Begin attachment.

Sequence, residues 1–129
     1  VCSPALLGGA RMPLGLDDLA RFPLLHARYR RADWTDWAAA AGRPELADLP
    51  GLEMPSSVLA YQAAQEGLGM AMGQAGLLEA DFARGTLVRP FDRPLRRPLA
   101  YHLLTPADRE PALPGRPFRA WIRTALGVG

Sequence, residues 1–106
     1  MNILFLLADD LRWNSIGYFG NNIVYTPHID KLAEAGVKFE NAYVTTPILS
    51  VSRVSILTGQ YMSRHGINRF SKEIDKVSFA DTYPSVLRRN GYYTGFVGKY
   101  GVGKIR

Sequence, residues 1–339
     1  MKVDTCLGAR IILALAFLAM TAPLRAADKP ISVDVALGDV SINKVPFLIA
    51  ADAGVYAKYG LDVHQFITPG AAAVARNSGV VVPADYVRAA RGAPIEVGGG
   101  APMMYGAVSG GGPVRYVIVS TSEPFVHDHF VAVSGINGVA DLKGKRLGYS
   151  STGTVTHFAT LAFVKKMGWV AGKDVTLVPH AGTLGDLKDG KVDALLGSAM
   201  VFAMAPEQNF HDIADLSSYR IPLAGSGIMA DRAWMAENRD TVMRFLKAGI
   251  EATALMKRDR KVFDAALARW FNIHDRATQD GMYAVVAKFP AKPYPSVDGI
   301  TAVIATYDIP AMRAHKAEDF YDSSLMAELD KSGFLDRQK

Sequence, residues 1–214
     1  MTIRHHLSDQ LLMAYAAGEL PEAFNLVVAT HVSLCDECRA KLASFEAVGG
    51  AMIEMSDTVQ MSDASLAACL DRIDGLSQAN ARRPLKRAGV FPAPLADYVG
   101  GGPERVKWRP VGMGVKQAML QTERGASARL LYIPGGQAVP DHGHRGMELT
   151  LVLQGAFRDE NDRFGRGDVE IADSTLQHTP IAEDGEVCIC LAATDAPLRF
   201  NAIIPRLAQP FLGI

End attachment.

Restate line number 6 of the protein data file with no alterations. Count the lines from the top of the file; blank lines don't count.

     1  MNILFLLADD LRWNSIGYFG NNIVYTPHID KLAEAGVKFE NAYVTTPILS